Free-ranging dogs have the ability to interbreed with coyotes and the Federally endangered red wolf (Sealander and Heidt 1990 and USDA Forest Service 1999).
After the introduction of European starlings in the late 1800s, population growth and range expansion were explosive. Starling populations now appear to have leveled off or are decreasing in most areas across the country (Robbins 2001). Although starlings consume noxious insects and weed seeds, they also compete with native species for food and nesting cavities. Displacement of native birds by starlings has been documented in areas of the country with limited nest sites (Weitzel 1988). Starlings are known to be a very aggressive species when competing for or usurping cavities from other birds (James and Neal 1986).
Effects on reproduction and fecundity of red-bellied woodpeckers were documented due to nest cavity competition with starlings (Ingold 1994, 1996, Ingold and Densmore 1992). The effects of starling nest cavity competition on northern flickers and red-headed woodpeckers were found to be less severe. Competitive cavity losses for red-headed and northern flickers have more serious implications, however, since these two species are currently declining. Starlings are common in urban and agricultural woods, but are seldom found in densely forested areas (Ingold and Densmore 1992). Red-bellied woodpeckers that nest in more heavily wooded environments are more successful in avoiding competition with starlings. Starlings also compete with other native birds, including the eastern bluebird and purple martin for cavity nest sites (USDA Forest Service 1999).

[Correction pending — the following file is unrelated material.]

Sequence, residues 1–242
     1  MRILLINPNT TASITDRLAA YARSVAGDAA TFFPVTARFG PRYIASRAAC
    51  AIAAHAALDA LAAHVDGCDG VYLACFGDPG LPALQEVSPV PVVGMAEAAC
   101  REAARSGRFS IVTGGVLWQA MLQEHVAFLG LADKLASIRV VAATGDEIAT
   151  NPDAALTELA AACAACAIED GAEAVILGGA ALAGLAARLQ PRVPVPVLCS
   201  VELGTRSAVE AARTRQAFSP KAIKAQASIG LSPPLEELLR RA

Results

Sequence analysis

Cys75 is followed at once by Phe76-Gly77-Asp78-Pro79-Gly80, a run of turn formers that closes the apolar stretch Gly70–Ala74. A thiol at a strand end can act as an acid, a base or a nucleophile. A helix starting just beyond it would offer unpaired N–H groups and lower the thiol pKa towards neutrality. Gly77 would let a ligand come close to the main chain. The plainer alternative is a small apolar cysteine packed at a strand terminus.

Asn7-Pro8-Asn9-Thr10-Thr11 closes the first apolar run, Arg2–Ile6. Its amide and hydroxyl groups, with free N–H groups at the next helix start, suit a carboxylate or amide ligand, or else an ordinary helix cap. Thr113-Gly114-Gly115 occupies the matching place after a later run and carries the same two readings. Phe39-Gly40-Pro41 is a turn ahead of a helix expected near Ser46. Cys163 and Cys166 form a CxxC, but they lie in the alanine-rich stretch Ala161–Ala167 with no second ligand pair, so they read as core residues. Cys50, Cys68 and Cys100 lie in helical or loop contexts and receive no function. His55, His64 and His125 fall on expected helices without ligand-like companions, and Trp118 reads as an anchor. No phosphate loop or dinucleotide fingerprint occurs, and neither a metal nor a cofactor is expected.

Following a series of introductions in the United States, house sparrows became well established across the continent by 1910. Currently, populations appear to be stable or decreasing in most areas of the country (Robbins 2001). House sparrows are found mainly in urban and agricultural areas (James and Neal 1986) and are seldom found in predominantly forested areas.
Although they commonly nest in man-made structures, house sparrows also use deteriorating nests of other species, woodpecker cavities, and nesting boxes intended for other species. House sparrows have been documented to usurp cavities from red-bellied and red-headed woodpeckers (Ingold and Densmore 1992). In addition to native woodpeckers, house sparrows have been known to harass other native birds including robins, yellow-billed cuckoos, and black-billed cuckoos. They can displace native eastern bluebirds, wrens, purple martins, and cliff swallows from their nesting sites (Arcieri 1992, Pimentel and others 1999). The deaths of adult and nestling bluebirds were documented in South Carolina resulting from aggressive competition with house sparrows (Gowaty 1984).